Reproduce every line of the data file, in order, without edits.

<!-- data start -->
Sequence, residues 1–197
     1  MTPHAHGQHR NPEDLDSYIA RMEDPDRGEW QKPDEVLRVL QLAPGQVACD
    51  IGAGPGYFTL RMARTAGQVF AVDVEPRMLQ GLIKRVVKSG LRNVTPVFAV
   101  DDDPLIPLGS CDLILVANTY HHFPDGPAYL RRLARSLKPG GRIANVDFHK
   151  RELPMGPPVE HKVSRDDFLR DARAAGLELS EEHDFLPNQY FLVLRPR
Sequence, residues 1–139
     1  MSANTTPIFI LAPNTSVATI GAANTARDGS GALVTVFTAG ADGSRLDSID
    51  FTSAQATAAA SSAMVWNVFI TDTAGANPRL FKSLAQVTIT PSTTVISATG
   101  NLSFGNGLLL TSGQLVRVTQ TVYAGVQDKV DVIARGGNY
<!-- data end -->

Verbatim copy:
Sequence, residues 1–197
     1  MTPHAHGQHR NPEDLDSYIA RMEDPDRGEW QKPDEVLRVL QLAPGQVACD
    51  IGAGPGYFTL RMARTAGQVF AVDVEPRMLQ GLIKRVVKSG LRNVTPVFAV
   101  DDDPLIPLGS CDLILVANTY HHFPDGPAYL RRLARSLKPG GRIANVDFHK
   151  RELPMGPPVE HKVSRDDFLR DARAAGLELS EEHDFLPNQY FLVLRPR
Sequence, residues 1–139
     1  MSANTTPIFI LAPNTSVATI GAANTARDGS GALVTVFTAG ADGSRLDSID
    51  FTSAQATAAA SSAMVWNVFI TDTAGANPRL FKSLAQVTIT PSTTVISATG
   101  NLSFGNGLLL TSGQLVRVTQ TVYAGVQDKV DVIARGGNY